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UK Runs Largest Air-Defence War Game Since Cold War

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The 30-aircraft exercise comes amid a backdrop of an increasingly belligerent Russia, but is just as much a message to Whitehall as it is the Kremlin.

Whoever wins the forthcoming British general election will have the casting vote over how the rapidly diminishing pot of defence money is spent – and with only weeks to go before that process begins, the Royal Air Force (RAF) has decided to flex its wings. Reminding policy makers of the utility of strong air defence, the RAF hopes the authors of the Strategic Defence Spending review doesn’t take the red pen to its most cherished assets – the squadrons of fighter jets.

The exercise itself is a simulation based on the now regular incursions or near passes of British airspace by Russian aircraft, most commonly variants of the TU-95 ‘Bear’ bomber, but scaled up to include a large number and variety of aircraft. Eurofighter Typhoon fighters, Tornado fighter-bombers, and surveillance / early warning aircraft took place, defending the North-East of England.

In the games, RAF fighter-bombers are forced to defend themselves from attacks by thoroughbred fighters intent on bringing them down.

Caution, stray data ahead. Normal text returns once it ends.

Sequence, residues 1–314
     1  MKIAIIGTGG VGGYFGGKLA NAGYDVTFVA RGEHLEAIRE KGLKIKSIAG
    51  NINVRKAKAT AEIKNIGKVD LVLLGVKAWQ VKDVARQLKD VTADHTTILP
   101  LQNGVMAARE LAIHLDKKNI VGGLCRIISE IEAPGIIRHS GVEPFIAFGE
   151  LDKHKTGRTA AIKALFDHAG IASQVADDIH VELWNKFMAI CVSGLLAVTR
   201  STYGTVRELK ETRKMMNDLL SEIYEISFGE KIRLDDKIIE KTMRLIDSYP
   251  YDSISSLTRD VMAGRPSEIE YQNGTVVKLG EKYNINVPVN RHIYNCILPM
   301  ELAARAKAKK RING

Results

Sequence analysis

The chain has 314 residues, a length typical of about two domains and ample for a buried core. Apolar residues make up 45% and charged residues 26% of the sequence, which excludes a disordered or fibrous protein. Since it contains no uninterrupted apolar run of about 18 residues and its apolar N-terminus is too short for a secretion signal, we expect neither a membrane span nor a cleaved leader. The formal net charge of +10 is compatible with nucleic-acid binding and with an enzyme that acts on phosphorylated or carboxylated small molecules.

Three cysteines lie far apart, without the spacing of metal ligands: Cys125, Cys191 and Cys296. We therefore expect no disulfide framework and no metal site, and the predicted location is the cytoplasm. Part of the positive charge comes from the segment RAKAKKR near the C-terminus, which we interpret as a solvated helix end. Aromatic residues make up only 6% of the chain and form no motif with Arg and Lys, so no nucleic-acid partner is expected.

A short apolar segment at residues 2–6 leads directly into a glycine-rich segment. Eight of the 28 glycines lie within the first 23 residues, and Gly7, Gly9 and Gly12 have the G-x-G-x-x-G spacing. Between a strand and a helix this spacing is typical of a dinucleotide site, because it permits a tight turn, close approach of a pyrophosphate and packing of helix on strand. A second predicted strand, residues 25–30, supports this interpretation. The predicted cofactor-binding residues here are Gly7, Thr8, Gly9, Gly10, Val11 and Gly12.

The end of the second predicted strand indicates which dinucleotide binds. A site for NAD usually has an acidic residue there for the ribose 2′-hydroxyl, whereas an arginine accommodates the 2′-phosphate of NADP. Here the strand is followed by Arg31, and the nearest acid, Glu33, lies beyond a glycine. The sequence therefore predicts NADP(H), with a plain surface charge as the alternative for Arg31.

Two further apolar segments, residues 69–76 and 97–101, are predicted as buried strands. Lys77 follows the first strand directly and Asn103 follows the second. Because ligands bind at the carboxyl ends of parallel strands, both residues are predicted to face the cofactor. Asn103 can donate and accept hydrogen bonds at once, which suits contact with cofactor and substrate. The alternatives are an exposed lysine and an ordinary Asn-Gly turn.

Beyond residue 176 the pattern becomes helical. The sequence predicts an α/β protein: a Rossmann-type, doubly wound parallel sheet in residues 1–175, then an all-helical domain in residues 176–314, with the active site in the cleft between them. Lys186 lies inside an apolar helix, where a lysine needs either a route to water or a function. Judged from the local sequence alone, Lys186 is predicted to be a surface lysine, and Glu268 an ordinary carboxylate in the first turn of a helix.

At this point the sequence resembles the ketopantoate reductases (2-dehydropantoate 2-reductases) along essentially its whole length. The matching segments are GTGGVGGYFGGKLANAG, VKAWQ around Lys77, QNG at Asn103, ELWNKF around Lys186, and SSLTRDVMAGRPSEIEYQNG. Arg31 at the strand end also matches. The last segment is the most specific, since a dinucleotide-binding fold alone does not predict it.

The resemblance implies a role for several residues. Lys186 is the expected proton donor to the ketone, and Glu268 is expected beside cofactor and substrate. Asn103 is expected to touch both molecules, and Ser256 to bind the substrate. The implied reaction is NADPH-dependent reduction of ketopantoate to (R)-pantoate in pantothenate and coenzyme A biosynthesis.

The Express newspaper has reported the comments of one RAF source on the exercise, who said: “Russia has certainly painted the background to these exercises, though of course they are needed in any event. I think there’s a view forward to the next SDR and the need to remind the powers that be about the prominence of air defence.

“The feeling is that, just because we haven’t had a large headline concerning Russian nuclear bombers recently doesn’t mean air defence isn’t important, and look at how seriously we’re taking it.”

In contrast, an official Ministry of Defence spokesman claimed that despite the Russian theme and election timing, the apparent motive of the exercise was pure coincidence, and this was merely the first time such exercises have been able to take place post-Afghanistan withdrawal, where many of the aircraft involved were actively deployed. Speaking to an in-house magazine, Wing Commander Andrew Coe said: “Due to our continuing commitment to operations overseas, this is the first time we have had the full spectrum of our capability operating together at the same time in a realistic, opposed, environment”.

The Royal Air Force aren’t the only airforce using the airspace over and near England for training purposes. Breitbart London reported last month on an intercepted Russian training flight taking place over the English channel, which was carrying a nuclear weapon designed to take out hiding submarines. Although the warhead was unarmed, the move was accepted as a provocative step in a recent cooling of NATO-Russian relations.


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